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Walt Disney Set the Stage for Great Film Making Essay examples

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“All our dreams can come true, if we have the courage to pursue them”, said by Walt Disney himself (“Walt Disney Quotes”). Disney had a big imagination followed with big goals. As always in the entertainment business, there are going to be people competing to tear each other down, but Walt Disney kept his focus and determination to take on great things. All it took was one person with a strong passion for entertainment to set the stage for filmmaking long after he was gone.
Walt Disney came from an Anglo-Irish family that immigrated to Canada just before the potato famine (“Walt Disney Interviewed by Fletcher Markle”). On December 5, 1901, Elias and Flora Disney welcomed their fourth son into their home in Chicago, Illinois. When Walter
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After his time in Europe, he started working at the Pressman-Rubin Studio in Kansas City as an artist (Schwartz).
While Disney was working in Kansas City he was co-workers with Ubbe Iwerks. A year after working at the studio, the two got laid off and moved onto bigger and better things. They created their own business called Iwerks-Disney Commercial Artists. The company was not so successful and only last one month. The two friends stayed together as they passed through jobs. They worked at the Kansas City Film Ad Company drawing cartoons for movie theaters. Disney took a camera from the company to use for his “stop-action animation” with his original drawings. His continuous practice on his Laugh-O-Grams made them far more advanced than his studio work (Schwartz). Walt Disney made puppets of his characters for his films instead of drawing them so he could save time and make the process easier on himself and Iwerks (“Walt Disney Interviewed by Fletcher Markle”).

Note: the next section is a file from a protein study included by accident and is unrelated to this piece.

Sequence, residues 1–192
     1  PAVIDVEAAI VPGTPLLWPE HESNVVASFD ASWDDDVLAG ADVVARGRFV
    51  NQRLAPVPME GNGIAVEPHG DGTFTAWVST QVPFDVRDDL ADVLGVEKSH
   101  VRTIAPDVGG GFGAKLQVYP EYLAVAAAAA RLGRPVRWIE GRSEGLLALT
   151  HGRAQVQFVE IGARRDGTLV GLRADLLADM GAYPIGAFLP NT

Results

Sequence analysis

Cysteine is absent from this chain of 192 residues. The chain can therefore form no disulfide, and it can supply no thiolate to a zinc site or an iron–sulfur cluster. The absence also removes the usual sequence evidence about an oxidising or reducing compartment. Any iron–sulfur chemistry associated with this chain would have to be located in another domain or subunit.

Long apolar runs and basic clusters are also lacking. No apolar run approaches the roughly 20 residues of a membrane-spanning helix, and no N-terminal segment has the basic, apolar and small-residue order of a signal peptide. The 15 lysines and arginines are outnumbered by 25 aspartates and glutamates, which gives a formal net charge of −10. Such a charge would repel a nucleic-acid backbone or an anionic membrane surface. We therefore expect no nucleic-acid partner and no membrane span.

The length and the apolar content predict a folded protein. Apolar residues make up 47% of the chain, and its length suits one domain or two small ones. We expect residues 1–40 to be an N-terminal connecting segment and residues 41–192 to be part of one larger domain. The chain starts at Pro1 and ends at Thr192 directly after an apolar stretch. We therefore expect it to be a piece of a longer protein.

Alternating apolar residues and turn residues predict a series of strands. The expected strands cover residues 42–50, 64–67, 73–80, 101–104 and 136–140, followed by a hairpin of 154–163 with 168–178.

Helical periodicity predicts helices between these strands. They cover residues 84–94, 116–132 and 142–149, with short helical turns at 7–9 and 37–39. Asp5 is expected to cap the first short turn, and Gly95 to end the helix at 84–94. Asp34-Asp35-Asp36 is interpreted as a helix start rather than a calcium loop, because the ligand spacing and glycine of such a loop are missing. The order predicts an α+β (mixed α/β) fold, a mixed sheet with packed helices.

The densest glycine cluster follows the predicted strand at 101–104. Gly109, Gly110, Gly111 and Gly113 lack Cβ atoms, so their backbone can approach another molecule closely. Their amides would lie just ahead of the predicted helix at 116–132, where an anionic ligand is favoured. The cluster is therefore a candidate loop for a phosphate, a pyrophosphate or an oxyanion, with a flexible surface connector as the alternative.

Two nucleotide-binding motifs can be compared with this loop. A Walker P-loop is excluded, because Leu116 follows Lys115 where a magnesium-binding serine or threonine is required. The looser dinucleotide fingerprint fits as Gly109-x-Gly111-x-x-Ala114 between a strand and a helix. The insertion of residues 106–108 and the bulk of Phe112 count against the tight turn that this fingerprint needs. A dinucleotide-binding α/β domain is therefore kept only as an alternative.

After his boss at the Kansas City Film Ad Company turned down his idea of cartoons, Disney reached out to Margaret J. Winkler, a cartoon distributor in New York, about his Laugh-O-Grams. Winkler gladly agreed and Disney signed a contract and moved to New York City. He named his business “Disney Bros. Studio”, but quickly changed to “Walt Disney Studio” after Alice in Cartoonland was shown in theaters. Disney realized he and Iwerks could not handle all the work on their own so
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